We’re in an economic downturn, the worst in our generation, and the drive is for businesses to cut costs at every opportunity.
Companies announcing results on Wall Street recently beat expectations – not bad in the circumstances – but the norm was for profits to be met by cutting costs over increasing revenues.
This creates dangers for customer service; an easy place to start the cuts. I wonder if it’s beginning to show.
For example, the car insurance is due for renewal. The comparison web-site shows that a saving one-third can be achieved by switching.
Let’s investigate the companies providing cheaper options:
- Company 1 – couldn’t get through to contact centre. Held in a queue for 10-minutes and gave up
- Company 2 – web-site was difficult to navigate – some of the information wasn’t up-to-date
- Company 3 – got through to contact centre – arranged call back as they are busy. Call came a day later than planned.
OK so the economy isn’t easy….but no business can prosper if the basics aren’t in place and working to serve customers. You see….I’d rather pay a bit more and avoid the hassle; especially when the product is complex.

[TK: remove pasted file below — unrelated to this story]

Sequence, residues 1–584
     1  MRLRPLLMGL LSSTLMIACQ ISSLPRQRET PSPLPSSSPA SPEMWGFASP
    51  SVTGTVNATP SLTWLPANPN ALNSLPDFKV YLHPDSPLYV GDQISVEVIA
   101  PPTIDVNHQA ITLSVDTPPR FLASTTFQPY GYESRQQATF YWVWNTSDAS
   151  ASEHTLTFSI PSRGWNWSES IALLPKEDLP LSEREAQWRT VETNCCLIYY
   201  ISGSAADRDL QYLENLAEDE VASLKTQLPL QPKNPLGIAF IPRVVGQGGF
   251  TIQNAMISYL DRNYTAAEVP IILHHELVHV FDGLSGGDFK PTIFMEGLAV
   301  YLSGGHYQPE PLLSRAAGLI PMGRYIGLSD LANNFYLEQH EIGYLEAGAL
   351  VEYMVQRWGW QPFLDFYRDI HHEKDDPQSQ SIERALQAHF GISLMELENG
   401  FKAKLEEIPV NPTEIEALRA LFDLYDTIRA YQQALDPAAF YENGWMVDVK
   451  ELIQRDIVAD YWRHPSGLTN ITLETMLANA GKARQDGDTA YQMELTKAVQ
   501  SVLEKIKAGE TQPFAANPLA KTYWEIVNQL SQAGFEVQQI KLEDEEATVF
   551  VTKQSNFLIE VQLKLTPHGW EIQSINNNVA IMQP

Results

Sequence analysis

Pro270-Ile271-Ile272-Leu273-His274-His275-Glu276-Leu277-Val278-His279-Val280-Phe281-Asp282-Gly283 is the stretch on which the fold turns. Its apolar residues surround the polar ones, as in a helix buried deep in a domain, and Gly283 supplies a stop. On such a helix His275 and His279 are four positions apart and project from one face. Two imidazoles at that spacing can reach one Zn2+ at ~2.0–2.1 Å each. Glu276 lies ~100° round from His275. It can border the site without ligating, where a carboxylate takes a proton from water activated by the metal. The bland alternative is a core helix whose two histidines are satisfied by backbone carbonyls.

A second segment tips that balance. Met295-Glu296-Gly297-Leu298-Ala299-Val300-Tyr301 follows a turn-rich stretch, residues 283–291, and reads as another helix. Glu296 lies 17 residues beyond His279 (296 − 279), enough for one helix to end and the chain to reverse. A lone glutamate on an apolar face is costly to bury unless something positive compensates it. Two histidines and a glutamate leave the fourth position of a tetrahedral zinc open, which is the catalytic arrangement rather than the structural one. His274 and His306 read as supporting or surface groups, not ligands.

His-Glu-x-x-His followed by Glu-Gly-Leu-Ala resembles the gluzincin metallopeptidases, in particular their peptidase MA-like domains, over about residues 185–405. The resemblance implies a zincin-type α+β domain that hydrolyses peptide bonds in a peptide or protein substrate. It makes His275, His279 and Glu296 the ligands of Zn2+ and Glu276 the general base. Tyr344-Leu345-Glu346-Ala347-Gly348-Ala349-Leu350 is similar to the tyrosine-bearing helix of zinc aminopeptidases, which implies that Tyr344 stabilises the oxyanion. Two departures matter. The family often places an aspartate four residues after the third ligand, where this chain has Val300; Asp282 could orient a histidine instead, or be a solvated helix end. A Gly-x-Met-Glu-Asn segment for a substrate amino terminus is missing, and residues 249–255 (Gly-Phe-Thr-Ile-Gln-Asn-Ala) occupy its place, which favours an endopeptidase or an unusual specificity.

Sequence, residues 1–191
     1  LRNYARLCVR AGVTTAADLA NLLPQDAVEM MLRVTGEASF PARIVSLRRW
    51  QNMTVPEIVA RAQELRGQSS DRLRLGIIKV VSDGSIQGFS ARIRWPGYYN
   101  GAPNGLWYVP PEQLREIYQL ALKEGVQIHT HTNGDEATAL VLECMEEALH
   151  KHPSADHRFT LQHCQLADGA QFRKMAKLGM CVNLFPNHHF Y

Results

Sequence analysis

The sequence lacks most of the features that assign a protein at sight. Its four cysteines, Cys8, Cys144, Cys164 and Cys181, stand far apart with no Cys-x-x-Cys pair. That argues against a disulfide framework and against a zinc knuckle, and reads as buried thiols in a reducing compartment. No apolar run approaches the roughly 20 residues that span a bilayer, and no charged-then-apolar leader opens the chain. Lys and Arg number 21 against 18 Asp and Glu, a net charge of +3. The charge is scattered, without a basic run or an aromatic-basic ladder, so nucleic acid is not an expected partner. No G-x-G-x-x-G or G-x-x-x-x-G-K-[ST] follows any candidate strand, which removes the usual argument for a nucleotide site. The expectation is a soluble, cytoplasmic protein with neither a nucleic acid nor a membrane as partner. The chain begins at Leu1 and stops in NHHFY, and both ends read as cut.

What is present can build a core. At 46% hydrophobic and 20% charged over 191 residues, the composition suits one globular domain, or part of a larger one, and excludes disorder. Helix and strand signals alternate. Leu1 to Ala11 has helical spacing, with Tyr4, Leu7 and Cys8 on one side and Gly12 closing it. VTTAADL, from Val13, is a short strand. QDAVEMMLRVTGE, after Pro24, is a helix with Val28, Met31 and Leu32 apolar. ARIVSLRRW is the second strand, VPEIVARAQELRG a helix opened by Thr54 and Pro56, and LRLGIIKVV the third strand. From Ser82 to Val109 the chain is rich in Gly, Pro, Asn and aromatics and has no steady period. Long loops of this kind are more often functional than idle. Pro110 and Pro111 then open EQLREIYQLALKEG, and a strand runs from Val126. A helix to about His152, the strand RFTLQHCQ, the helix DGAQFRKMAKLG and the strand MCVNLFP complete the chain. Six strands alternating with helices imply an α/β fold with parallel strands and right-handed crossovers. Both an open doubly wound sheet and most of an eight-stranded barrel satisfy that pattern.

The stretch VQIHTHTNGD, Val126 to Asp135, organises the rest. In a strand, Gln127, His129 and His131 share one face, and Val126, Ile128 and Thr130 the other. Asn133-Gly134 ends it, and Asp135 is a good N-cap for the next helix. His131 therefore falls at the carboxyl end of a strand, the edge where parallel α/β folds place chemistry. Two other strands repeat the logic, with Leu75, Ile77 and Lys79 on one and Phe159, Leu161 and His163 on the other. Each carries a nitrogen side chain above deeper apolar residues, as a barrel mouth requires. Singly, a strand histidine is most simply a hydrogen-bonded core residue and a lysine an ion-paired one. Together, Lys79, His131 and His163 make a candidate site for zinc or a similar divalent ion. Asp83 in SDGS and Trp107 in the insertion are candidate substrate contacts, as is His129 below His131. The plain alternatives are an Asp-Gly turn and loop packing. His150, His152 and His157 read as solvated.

That’s why people don’t change broadband to match the cheaper package….or banks….and so forth.
So, another year with the same car insurance company – even though they are more expensive.
Companies regularly strip away support in their contact centres, surviving on high staff turnover and temporary call takers, persisting with sub-standard processes and failing to invest in their customer service infrastructure.
However, in all the cutting and reorganising, executives might do well to remember one thing. Companies who don’t exude confidence in their ability to deal with customers might just find it a bit harder to recover.
Picture by – RMajoujy